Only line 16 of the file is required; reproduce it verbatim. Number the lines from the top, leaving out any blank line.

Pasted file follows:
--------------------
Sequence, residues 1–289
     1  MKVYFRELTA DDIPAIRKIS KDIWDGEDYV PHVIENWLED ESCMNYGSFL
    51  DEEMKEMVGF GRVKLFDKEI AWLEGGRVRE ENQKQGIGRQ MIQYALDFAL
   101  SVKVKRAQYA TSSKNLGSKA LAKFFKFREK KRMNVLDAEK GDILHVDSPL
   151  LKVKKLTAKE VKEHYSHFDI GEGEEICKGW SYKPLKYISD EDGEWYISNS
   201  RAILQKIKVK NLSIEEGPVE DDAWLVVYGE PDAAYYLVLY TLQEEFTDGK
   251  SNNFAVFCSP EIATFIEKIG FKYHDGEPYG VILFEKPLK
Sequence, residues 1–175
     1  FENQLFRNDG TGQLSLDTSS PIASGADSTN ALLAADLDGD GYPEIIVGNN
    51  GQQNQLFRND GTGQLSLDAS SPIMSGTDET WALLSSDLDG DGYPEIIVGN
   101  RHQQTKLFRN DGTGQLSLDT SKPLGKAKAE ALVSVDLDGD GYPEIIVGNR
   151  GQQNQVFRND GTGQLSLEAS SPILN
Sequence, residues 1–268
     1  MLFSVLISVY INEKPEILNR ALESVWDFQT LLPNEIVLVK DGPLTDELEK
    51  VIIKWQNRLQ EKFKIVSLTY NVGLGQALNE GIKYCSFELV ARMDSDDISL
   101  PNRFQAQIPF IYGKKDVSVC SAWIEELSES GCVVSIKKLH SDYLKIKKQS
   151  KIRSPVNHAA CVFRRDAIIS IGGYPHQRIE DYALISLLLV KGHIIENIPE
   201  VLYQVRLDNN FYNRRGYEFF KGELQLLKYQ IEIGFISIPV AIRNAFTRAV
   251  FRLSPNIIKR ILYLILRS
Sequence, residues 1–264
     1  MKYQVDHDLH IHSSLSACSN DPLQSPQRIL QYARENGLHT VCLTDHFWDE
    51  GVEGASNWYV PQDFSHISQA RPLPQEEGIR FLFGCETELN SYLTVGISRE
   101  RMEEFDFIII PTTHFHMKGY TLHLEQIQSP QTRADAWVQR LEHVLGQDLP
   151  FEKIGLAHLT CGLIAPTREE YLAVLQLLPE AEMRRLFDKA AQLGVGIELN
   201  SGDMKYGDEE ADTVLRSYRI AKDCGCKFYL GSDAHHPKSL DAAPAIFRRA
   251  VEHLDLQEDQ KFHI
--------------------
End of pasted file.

   101  PNRFQAQIPF IYGKKDVSVC SAWIEELSES GCVVSIKKLH SDYLKIKKQS